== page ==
Black holes are difficult to study because their gravity is so powerful that even light cannot escape it. But the gas and dust attracted to a black hole swirl around it in a flat ‘accretion disk’ before they are sucked in – and the particles in this disk glow because they are heated by friction. This radiation allows us to study the structure and formation of the disk, and can reveal clues about the black hole itself.

Spruit and colleagues observed X-rays and visible light from the disk around the black hole XTE J118+480. They found that the intensity of both signals varied periodically, but every jump in the optical output lagged behind the corresponding increase in the X-ray output by half a second.

Spruit and colleagues initially thought that the well-known ‘X-ray reprocessing’ effect could explain their observations. In this process, X-rays from the inner portion of the accretion disk heat up gas and dust at the outer edge of the disk, making it emit visible light. But the team ruled this out when they found that the optical signal changed in intensity every few tens of milliseconds, whereas the X-ray intensity changed only every few seconds.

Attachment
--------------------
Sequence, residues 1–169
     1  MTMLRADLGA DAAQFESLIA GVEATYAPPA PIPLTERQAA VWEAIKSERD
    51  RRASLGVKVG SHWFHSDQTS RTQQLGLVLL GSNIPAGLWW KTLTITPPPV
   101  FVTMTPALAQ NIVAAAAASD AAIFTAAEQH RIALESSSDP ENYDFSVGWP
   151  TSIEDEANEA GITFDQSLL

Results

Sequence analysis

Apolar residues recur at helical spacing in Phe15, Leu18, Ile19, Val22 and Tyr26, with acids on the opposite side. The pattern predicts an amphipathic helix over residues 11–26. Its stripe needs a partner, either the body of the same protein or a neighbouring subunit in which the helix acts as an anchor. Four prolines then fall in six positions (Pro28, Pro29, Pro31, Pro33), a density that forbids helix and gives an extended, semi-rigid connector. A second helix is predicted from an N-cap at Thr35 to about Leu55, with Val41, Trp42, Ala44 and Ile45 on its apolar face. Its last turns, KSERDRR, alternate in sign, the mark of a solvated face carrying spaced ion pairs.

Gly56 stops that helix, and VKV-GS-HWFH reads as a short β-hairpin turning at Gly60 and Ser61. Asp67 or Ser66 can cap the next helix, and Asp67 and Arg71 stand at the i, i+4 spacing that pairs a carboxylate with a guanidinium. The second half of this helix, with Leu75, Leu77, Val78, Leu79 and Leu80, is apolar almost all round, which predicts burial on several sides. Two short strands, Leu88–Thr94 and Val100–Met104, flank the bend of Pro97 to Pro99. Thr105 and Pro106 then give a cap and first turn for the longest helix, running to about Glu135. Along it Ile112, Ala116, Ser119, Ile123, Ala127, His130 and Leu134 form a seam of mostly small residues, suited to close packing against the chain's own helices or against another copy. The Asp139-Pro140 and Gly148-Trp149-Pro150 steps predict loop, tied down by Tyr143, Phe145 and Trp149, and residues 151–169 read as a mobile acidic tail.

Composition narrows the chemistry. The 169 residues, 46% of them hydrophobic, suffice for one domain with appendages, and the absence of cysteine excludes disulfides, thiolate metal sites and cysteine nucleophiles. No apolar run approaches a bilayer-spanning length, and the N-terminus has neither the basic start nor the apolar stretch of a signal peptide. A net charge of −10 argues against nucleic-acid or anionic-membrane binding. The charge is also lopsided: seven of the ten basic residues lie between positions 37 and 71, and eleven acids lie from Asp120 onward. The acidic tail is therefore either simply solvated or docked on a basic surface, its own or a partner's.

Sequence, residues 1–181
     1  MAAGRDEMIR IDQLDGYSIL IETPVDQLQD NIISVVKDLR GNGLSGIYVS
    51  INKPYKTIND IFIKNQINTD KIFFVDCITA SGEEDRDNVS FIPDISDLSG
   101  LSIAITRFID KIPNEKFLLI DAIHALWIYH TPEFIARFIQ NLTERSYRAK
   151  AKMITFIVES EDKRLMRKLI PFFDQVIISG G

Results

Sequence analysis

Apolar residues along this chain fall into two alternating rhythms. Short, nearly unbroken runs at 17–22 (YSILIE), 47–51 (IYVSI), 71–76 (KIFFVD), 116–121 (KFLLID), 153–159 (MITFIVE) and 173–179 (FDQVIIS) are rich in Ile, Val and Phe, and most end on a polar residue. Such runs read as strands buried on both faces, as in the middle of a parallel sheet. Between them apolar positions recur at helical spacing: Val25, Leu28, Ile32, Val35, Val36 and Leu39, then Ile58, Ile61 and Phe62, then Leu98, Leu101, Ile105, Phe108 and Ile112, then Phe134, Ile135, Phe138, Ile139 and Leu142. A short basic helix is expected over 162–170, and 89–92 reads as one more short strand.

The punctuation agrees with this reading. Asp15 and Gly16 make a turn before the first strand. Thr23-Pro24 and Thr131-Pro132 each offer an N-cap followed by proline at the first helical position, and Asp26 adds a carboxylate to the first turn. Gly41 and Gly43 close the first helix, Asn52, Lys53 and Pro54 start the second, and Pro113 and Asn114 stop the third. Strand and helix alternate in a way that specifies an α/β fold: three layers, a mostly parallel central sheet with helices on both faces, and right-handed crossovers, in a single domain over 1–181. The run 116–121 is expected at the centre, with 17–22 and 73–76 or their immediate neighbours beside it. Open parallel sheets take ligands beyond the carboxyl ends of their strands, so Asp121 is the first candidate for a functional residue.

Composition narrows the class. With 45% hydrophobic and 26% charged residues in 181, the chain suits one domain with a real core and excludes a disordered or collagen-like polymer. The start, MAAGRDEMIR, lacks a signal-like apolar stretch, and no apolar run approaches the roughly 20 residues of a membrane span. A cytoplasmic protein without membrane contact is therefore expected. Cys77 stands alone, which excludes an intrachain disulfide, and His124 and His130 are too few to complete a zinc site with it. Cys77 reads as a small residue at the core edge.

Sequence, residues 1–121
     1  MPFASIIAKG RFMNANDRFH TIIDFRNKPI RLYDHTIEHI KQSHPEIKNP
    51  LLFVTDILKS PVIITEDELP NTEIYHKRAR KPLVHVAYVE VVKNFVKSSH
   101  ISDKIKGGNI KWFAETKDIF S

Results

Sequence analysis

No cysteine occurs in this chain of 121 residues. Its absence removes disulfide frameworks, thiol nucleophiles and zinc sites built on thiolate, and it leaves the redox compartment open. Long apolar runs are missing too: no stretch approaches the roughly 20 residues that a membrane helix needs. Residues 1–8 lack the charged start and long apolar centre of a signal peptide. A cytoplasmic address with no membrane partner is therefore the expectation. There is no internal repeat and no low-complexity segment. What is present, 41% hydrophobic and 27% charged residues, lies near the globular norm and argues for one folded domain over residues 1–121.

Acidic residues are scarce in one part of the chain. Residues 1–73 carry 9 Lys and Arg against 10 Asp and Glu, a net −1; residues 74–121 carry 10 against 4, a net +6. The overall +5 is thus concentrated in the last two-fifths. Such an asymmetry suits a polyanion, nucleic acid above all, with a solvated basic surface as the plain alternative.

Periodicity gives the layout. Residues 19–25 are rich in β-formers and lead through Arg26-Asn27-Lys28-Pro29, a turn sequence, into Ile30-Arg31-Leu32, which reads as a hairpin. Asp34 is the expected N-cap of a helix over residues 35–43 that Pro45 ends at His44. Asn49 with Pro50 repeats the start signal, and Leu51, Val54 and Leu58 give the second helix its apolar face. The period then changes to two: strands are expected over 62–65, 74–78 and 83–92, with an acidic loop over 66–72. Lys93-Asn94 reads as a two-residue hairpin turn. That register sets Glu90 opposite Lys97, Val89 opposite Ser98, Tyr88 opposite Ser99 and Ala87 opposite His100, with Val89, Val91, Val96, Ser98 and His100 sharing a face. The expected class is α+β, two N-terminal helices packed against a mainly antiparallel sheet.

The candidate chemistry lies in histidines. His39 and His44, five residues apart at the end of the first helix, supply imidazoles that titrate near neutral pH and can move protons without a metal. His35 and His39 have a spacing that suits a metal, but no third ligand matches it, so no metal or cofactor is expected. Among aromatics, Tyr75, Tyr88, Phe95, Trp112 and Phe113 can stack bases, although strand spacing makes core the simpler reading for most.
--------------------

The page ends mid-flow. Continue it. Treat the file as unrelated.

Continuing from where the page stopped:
The researchers studied the fluctuations in the intensity of the visible light to determine the size of the region that emitted it. Since the intensity changed significantly on timescales of around hundred milliseconds, the region that produced the light could not be larger than the distance light can travel in that time – that is, about 30 000 kilometres.

To propose an alternative to X-ray reprocessing, Spruit and colleagues combined the estimate of the size of the emitting region with luminosity measurements of the visible light. Their calculations led them to suggest that the light is cyclosynchrotron radiation – radiation generated by charged particles accelerated in a circular path by a strong magnetic field. According to the team, the strength of the magnetic field at around 20 000 kilometres from the black hole would generate light at the luminosity that they observed.